The American Dream, A Satire About Gun Culture

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The American Dream, A Satire About Gun Culture
March 16, 2017

Last week I accidentally shot myself in the face while playing a virtual reality game called The American Dream.

 

At this year’s PAX East in Boston, a friendly young man named Nicholas McDonnell shook my hand while an associate helped me into an Oculus Rift headset and a pair of Touch controllers. Once in VR, I found myself seated in a bullet-shaped car on a kind of carnival ride. A 1950’s style narration began, trumpeted by a cutout of the family dog. It promised to show me the wonder of a future living with guns.

 

Over the next ten minute demo, I proceeded to do things with firearms that no sane person would ever do.

 

As an infant, I answered flashcard questions by shooting the correct answer out of my mother’s hand. While working at my first factory job, I emptied magazine after magazine into a conveyor of pastries, trying to knock a hole out of the middle to make the perfect bagel. Later, I cleared the dishes off the counter by plinking them like a tin can perched on a fencepost.

 

To interact with buttons in the environment, I either had to shoot at them or boop them with the muzzle of the gun. To reload, I slammed the butt of the gun into buttons on the sides of my bullet-shaped car. That launched ammunition into the air, beginning a slow-motion bullet time sequence where I had to catch the flying magazine in the receiver.

 

Reloading both guns at the same time, I’ll admit, felt pretty cool.

 

Seeing rounds ricochet off the walls in front of me and zing back directly towards my face in VR, however, felt less cool.

 

The American Dream is about a two or three hour experience,” said McDonnell, co-founder of developer Samurai Punk. “You go through starting out as a baby to different elements of life, like childhood and being a teenager. You go to the prom. You take your date out to dinner. You get married and do lots of other things. So it’s about doing normal stuff that everyone in America does, but with guns.”

 

It’s fairly obvious satire, and only a portion has been unveiled so far. I spent all my time with a pair of 1911-style pistols, but McDonnell told me that there would a variety of weapons in the final game. A live-action trailer shows a Thompson sub-machinegun, for instance.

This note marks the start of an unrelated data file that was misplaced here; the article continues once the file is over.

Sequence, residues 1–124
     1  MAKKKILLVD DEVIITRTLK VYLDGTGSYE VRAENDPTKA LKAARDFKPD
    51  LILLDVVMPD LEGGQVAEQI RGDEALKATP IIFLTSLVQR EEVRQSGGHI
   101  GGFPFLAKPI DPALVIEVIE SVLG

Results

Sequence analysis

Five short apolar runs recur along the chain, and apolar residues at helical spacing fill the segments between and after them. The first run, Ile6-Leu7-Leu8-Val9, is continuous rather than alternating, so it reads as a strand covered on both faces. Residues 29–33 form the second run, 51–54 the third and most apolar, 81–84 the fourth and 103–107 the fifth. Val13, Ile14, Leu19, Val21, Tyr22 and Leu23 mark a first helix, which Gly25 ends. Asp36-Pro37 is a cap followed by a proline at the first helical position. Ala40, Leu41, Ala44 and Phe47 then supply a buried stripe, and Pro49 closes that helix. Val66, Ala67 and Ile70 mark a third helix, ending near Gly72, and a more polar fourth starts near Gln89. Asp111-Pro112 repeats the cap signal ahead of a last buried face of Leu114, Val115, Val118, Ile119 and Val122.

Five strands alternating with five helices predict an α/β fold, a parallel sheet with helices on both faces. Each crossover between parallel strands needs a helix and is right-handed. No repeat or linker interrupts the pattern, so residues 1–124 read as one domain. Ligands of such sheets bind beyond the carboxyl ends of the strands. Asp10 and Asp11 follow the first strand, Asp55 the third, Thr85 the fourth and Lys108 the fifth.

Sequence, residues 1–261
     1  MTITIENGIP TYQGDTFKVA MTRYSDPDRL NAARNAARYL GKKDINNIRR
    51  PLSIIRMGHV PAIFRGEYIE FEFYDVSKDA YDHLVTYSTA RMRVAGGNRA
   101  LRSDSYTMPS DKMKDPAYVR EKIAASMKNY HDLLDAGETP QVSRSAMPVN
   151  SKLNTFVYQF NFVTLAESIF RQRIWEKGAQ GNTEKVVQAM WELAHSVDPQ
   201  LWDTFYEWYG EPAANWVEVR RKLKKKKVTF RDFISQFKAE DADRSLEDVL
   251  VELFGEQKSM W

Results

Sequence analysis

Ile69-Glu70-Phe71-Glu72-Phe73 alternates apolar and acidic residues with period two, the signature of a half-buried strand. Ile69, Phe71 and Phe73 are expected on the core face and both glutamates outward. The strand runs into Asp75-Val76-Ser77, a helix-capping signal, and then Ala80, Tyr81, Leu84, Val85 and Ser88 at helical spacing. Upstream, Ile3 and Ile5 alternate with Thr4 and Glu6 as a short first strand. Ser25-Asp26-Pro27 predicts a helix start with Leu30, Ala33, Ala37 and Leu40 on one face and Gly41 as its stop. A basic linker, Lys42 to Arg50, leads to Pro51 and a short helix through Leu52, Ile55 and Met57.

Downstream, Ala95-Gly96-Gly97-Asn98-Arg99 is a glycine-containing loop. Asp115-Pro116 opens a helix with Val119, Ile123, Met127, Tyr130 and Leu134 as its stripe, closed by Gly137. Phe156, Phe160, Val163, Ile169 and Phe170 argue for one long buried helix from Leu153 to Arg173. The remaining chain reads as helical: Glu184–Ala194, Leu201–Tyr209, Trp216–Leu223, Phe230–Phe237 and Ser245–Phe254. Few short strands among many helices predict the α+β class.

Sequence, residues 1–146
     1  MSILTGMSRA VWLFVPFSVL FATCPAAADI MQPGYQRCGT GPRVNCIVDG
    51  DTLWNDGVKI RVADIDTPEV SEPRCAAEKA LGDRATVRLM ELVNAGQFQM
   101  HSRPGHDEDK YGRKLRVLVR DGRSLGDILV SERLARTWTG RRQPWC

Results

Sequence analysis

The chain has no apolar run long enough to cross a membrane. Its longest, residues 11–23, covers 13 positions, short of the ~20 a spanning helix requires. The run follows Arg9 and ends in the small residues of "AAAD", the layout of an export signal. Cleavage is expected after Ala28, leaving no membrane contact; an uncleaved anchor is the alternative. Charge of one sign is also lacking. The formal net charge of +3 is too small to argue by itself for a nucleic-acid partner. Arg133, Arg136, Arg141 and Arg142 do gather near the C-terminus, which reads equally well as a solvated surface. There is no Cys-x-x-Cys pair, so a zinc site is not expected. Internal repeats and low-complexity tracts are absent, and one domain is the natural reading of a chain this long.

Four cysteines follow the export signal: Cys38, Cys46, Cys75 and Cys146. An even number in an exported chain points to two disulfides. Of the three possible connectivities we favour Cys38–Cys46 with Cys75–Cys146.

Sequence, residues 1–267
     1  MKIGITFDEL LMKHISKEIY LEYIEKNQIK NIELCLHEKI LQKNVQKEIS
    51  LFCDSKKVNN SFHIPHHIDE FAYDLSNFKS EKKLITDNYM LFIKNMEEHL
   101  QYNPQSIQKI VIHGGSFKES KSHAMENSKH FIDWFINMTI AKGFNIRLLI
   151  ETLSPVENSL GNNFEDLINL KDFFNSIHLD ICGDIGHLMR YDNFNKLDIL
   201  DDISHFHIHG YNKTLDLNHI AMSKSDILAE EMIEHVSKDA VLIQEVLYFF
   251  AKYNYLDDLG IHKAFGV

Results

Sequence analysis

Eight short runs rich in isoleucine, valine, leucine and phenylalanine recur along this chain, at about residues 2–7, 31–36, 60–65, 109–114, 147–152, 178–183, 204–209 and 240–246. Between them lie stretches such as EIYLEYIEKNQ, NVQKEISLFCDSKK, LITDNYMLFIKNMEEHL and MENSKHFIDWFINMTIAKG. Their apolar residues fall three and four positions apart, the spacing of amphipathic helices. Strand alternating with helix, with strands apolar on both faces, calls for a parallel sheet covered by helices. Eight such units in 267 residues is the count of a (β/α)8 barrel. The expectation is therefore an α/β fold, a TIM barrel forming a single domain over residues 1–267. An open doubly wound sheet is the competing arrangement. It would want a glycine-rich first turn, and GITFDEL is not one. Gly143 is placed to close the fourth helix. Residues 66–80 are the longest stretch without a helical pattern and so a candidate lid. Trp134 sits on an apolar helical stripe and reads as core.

There’s just one problem.

 

In testing the game, the team at Samurai Punk discovered that many players didn’t know the first thing about guns. So they had to get the game to teach people how to load and fire a pistol.

 

First, they created little red flags that pop out of the chamber when the magazine is empty, prompting a reload. As the magazines fly through the air, some players tried to catch them in the ejector port instead of the receiver. So now empty magazines fall, very visibly, out the bottom of the gun in order to show people where they go.

 

In addition to a brief education on loading a gun, users will get two to three hours practice in rapidly acquiring a sight picture. So, in the hope of turning people off of gun ownership, Samurai Punk may actually make them a better shot.

 

“That was almost by accident,” McDonnell said. “It’s very unfortunate. And honestly, I don’t want people to get better at guns. I want people to play this game and then put the game down and never want to play it again. And to find out how exactly we’re going to achieve that, you’re going to have to play for the final version to discover. That’s all I can basically say about what the game.

 

“Whether or not it’s going to actually teach people to get better [at shooting]? I doubt it. This is VR after all. It can only teach you so much.”

 

There’s of course the small issue of McDonnell and his team all being from Australia, a country that enacted a strict set of gun control laws after a mass shooting in 1996. I asked him how he felt being an outsider, and making a very public critique of American gun culture.

 

“We’re not trying to critique America as much as we are using America as a lens to critique guns in video games and guns in media,” McDonnell said. “America is just a really good way to start that conversation. But we’re not shitting on America. We’re not shitting on anyone.”

 

The American Dream will be out later this year for Oculus Rift, the HTC Vive and PlayStation VR. No price point has been announced.

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